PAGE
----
China: Home Prices Fall For Second Month
A file photograph of a residential area in Beijing, ChinaReuters

Chinese home prices fell for the second successive month in October from a year ago, official data showed, logging their steepest annual drop since records began in 2011.

Average home prices in 70 major Chinese cities dropped 2.6% year-on-year in October despite government attempts to lift the market, according to Reuters calculations from data published by China's National Bureau of Statistics (NBS).

The October reading was double the fall anticipated by the markets, and followed a 1.3% year-on-year drop in September.

The decelerating property market, which accounts for some 15% of China's economy, has intensified concerns that a softening housing sector will restrain growth.

Month-on-Month

Home prices were down 0.8% month-on-month in October, logging their sixth straight monthly drop. They dropped 1% in September.

New home prices fell month-on-month in 69 of the 70 major cities the NBS monitors, unchanged from September.

Economists' Take

Haibin Zhu, chief economist at JPMorgan in Hong Kong, told Reuters: "In the near term, we'll probably still see the adjustment continue. House prices will continue to decline and real estate investment will continue to slow down."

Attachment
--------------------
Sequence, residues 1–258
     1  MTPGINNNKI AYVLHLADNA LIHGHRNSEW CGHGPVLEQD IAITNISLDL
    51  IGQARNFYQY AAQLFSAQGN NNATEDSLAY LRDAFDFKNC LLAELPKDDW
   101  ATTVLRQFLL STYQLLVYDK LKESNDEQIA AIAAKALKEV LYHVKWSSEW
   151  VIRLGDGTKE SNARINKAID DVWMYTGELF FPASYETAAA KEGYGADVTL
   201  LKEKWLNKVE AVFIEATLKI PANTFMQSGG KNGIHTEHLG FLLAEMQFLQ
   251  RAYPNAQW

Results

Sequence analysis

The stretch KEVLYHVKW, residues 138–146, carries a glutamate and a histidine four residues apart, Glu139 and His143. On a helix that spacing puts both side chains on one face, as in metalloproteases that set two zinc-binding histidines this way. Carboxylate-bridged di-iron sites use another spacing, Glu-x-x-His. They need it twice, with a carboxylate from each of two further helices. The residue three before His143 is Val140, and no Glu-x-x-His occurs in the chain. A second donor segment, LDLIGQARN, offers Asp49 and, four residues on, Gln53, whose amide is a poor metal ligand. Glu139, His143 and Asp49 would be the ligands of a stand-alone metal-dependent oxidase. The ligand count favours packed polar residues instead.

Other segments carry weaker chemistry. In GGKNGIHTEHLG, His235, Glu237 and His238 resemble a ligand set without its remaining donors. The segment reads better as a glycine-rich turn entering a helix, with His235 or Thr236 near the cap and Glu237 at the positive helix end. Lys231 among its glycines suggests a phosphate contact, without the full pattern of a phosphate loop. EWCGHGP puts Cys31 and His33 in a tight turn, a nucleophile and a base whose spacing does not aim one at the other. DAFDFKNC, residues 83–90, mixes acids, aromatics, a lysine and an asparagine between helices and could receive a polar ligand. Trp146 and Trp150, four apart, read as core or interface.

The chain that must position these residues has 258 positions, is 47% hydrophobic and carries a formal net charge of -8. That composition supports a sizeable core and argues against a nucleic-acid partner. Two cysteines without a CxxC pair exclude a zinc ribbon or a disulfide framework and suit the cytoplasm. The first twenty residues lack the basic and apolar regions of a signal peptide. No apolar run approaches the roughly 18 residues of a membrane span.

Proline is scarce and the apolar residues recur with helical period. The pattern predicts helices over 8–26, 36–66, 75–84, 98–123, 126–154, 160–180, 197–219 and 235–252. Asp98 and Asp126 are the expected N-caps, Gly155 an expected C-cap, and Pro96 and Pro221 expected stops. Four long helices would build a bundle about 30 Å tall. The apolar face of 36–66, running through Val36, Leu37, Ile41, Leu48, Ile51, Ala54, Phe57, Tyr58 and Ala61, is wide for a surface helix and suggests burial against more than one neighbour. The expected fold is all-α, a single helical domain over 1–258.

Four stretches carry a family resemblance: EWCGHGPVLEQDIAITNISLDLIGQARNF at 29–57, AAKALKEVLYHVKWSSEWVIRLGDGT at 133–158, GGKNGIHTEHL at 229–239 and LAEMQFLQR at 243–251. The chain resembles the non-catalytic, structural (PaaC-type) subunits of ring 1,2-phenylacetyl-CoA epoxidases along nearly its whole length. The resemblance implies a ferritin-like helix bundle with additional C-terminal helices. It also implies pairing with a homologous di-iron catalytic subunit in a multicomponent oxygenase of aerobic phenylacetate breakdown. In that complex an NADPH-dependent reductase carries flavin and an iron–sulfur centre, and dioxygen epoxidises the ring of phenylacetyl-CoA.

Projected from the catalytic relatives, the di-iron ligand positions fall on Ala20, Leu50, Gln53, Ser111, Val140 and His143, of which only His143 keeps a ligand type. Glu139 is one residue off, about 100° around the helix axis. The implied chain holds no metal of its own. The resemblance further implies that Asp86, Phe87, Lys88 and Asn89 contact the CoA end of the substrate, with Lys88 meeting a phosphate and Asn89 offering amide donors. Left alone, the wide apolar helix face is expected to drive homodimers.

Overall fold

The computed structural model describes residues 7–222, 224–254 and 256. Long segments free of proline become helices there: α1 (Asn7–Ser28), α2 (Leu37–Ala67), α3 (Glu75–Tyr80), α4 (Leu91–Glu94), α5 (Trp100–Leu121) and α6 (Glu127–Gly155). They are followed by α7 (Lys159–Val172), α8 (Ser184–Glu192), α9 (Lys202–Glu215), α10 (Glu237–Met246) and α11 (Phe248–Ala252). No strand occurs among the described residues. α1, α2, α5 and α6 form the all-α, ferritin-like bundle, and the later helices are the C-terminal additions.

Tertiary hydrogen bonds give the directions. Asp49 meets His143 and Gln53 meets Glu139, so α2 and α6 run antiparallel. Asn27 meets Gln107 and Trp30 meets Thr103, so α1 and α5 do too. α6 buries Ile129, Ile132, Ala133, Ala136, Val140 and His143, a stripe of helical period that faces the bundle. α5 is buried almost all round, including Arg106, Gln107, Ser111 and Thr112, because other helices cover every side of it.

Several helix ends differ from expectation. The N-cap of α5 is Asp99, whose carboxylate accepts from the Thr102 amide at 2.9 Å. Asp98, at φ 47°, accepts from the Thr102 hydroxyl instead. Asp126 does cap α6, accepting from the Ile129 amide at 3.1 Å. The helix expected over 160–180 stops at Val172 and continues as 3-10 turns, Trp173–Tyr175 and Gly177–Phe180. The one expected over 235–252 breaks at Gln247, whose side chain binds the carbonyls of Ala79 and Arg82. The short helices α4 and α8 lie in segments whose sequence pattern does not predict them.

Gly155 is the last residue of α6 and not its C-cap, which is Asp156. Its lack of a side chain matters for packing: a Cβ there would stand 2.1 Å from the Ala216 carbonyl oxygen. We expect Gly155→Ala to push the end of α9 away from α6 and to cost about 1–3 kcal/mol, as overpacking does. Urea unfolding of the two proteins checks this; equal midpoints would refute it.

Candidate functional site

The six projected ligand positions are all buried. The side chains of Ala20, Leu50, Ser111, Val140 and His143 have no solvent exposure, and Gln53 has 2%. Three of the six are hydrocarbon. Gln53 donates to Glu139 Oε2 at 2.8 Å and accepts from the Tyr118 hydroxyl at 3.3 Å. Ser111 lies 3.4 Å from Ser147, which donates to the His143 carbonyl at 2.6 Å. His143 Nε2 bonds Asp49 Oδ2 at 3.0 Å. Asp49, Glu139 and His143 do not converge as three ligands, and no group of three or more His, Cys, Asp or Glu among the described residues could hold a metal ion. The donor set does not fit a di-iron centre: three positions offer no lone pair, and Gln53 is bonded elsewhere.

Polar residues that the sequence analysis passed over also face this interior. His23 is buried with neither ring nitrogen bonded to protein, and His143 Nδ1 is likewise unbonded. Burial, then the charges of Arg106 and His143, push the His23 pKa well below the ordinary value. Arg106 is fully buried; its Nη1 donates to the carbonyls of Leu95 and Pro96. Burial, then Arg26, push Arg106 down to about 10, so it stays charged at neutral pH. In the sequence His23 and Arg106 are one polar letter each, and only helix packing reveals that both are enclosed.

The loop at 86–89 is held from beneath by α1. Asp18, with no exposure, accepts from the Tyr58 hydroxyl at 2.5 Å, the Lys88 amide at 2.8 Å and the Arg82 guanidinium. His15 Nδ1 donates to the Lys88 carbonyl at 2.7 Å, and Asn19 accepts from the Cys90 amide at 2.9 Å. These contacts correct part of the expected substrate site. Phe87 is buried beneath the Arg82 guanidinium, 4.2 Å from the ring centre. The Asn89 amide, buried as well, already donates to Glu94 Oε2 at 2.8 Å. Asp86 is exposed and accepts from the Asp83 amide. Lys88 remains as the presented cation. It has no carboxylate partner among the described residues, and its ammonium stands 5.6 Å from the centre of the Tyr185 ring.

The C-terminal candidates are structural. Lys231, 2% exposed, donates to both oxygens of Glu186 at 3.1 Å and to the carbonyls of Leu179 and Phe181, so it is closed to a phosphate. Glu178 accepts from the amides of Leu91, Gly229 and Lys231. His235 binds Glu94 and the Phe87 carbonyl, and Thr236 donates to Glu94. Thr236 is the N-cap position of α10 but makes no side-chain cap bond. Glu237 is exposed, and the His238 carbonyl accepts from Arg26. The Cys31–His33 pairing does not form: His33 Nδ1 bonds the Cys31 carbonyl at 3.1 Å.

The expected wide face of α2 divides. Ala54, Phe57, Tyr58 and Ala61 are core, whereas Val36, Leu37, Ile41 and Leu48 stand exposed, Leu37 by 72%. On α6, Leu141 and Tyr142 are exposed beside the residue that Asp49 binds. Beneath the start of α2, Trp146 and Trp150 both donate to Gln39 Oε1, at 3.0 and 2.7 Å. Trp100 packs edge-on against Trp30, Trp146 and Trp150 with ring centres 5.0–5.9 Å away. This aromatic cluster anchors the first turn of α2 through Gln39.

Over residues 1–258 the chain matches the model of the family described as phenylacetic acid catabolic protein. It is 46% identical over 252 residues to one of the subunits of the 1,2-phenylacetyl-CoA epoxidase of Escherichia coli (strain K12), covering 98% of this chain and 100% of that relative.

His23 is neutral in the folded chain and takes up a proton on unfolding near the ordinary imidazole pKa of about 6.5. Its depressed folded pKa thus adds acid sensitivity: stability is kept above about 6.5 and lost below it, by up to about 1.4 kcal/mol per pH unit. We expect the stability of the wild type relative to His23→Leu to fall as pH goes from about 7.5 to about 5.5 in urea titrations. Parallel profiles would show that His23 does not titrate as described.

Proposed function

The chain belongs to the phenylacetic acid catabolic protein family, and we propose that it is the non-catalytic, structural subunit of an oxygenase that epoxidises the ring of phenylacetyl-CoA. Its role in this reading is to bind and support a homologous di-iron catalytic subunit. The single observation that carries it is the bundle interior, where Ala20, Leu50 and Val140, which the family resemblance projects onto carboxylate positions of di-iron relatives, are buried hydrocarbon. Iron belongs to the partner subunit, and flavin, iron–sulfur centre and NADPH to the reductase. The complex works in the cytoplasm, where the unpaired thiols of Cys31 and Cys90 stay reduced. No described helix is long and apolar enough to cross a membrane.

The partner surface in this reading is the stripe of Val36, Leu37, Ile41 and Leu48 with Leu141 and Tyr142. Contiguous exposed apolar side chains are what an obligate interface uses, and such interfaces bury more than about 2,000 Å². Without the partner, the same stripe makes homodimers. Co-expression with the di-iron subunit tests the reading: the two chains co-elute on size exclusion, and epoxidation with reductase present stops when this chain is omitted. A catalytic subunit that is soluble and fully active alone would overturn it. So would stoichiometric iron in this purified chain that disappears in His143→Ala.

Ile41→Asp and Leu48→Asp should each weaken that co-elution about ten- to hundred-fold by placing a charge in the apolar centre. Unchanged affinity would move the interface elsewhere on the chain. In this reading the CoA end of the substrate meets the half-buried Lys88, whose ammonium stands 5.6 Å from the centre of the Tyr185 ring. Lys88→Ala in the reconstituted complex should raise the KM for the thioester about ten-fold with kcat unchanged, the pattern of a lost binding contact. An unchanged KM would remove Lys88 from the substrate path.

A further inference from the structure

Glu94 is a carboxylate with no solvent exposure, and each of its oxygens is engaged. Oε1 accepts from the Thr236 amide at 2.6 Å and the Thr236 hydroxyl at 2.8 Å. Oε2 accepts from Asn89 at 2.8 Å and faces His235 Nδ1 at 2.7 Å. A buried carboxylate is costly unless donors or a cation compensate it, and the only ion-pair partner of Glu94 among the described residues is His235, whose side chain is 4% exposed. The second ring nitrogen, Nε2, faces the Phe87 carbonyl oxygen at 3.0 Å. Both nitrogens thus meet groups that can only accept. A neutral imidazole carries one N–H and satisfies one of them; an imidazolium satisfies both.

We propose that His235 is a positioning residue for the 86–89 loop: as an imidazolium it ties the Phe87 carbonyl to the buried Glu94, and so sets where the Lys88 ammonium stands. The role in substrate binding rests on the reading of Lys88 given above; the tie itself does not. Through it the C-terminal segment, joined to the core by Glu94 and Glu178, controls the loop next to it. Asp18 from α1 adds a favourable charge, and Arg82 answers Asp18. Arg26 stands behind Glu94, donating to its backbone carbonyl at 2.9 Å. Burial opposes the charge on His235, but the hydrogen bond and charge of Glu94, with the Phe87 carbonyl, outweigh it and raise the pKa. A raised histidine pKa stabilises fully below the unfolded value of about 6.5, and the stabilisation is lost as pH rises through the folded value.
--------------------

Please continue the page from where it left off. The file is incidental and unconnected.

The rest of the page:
Bill Adams, senior international economist for PNC Financial Services said in a note: "...China's housing market is still on the way down in its correction. In addition to prices, construction activity and manufacture of the steel and cement used in the construction industry are also falling, a major headwind to real GDP growth. Real estate corrections can persist for 5-7 years, meaning this slump in China is likely to persist into 2015 and 2016 at least.

"The silver lining of China's housing correction is cheaper global commodities in late 2014: all around the world, middle class consumers are finding more of their salary left over after heating their homes and filling their gas tanks. Unforeseen second-order effects of China's housing correction are still a risk, but for the time being, the China's housing bubble seems to be deflating in a long, slow hiss, not a loud pop."

Tuesday's price data followed last week government figures that showed that China's property sales dropped 1.6% in October in terms of floor space, from September's 10.3% plunge.

Property investment, which impacts over 40 other sectors from cement to furniture, grew 12.4% between January to October from a year ago, its slowest pace in over five years.